One test being run is a battery powered train, running around a track until the battery dies completely. [Frank Buss] wanted to run this test, but didn’t want to manually count the laps the train made. He whipped up a script in Python and OpenCV to automate the counting.

The script measures laps by setting two zones on the track. When the train enters the first zone, the counter is armed. When it passes through the second zone, the lap is recorded. Each lap time is kept, ensuring good data for comparing the Batteroo against a normal battery.

The script gives a good example for people wanting to play with computer vision. The source is available on Github. As for the Batteroo, we’ll await further test results before passing judgement, but we’re not holding our breath. After all, the train ran half as long when using a Batteroo.

Feel Better About Yourself With These Ugly Repairs

A fun thread over at the EEVblog forum starts off with [TerraHertz]’s triangle-peg, square-hole capacitor repair job and goes entertainingly down-hill from there.

Everything from horrifying eBay purchases to work (horror) stories can be found in this thread. But you can learn something too. Did you know the correct way to fix a mercury switch stored in the incorrect orientation is to whack it against a table really hard?

We enjoyed the cigarette box shroud used to fix a graphics card with a defective fan. We’re still not sure about the person who managed to Dremel bits off a graphics card and end up with a working PCI-e card. That one may be a troll.

Regardless, it’s a lot of fun, spanning the hilariously bad and the seriously impressive. We would not be surprised if some of these people met the devil at the crossroads for some soldering skill. Do any of you have an interesting or ugly repair to share? We’d love to see it.

Hackaday Links: April 3, 2016

April Fool’s Day was last Friday, and the Internet was garbage for a day. Our April Fool’s prank was amazing, and in a single day garnered more views than the Raspberry Pi 3 launch announcement from a month prior. There just might be a market here for Apple. Here’s a short roundup of some of the best electronics April Fool’s posts:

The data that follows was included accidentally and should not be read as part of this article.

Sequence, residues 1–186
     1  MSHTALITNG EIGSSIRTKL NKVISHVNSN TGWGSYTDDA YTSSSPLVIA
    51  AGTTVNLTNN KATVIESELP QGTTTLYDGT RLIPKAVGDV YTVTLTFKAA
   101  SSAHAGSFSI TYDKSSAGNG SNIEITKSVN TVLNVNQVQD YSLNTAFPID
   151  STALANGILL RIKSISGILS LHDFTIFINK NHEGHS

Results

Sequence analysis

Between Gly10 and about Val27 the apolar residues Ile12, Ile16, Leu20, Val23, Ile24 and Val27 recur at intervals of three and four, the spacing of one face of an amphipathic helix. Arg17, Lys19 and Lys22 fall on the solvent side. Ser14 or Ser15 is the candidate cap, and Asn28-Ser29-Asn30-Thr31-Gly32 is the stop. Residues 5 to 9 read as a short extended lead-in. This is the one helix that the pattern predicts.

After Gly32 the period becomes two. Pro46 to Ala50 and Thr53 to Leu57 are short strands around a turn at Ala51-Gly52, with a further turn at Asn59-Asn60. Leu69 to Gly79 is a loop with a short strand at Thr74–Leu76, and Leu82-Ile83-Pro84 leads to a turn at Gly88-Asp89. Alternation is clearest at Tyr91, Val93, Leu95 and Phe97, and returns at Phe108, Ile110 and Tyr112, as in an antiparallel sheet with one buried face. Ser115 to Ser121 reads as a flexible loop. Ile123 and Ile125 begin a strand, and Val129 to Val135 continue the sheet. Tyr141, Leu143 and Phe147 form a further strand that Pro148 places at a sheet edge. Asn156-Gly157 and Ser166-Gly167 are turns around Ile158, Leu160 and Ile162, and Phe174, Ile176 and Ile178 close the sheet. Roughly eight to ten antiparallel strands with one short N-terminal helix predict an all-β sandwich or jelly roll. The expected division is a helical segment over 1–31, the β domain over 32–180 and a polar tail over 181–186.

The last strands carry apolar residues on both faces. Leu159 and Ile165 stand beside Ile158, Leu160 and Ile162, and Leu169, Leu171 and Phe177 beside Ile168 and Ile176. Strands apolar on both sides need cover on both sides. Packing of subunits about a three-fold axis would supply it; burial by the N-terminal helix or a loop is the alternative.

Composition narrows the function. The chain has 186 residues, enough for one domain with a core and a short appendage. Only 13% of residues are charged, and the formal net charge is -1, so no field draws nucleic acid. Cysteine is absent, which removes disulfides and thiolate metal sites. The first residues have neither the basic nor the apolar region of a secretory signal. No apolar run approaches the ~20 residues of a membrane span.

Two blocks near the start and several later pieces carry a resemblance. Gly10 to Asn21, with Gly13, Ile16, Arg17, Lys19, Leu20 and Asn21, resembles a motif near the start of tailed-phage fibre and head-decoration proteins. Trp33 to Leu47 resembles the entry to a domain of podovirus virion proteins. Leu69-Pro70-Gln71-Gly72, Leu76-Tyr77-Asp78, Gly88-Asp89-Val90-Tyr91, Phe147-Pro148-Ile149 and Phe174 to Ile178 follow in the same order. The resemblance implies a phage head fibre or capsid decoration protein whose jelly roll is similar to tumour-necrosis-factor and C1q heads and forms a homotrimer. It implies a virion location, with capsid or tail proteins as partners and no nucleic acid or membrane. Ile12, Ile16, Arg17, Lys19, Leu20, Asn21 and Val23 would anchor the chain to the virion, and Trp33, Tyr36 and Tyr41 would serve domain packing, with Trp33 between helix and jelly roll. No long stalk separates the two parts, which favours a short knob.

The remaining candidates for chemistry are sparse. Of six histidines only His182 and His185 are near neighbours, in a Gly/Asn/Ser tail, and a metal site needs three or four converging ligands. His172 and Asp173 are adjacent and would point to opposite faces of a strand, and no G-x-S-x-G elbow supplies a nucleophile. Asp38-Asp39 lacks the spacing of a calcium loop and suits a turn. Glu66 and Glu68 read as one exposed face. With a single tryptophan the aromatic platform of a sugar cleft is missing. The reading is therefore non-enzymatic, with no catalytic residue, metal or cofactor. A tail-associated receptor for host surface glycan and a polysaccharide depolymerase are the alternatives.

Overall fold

This, surprisingly, was not an April Fool’s post. [Dave Jones] has been looking to upgrade his workspace for a few years now. He’s finally found a place. It’s the old Altium office in Sydney. [Dave] worked at Altium before spinning up the EEVblog, so this really is his old stomping grounds. It’s 4000 square meters (43,000 square feet), and exactly 3950 square meters larger than his current lab. What is he going to do with all that space? He’s looking for suggestions, but I would suggest an awesome model train layout. A [Dave Haynie]-style tour would also be acceptable.

Yesterday was the unofficial geekhack / deskthority / r/mechanicalkeyboards SoCal Mechanical Keyboard meetup at Datamancer in Montclair, CA. I was there, got a Control key to replace the Caps Lock key on my Novatouch, and took a lot of pictures.

It’s a presidential election year in the US, and that means millions of people are going to make America great again by polluting their front yard with campaign signs. These campaign signs are usually made out of coroplast, a material that looks like corrugated cardboard, but is made out of dead dinosaurs instead of dead trees. Coroplast is a very interesting material, and [uminded] tipped us off to some guy that makes mini speedboats in this rather uncommon material.

There are some things you just shouldn’t do. Combining octocopters with chainsaws, for example. You shouldn’t do it, but someone will anyway, and YouTube exists. Here’s an octocopter with a chainsaw.

Foxconn is buying Sharp. Sharp has a rather large portfolio of LEDs and optoelectronics, but this deal is mostly for Sharp’s large contract manufacturing business.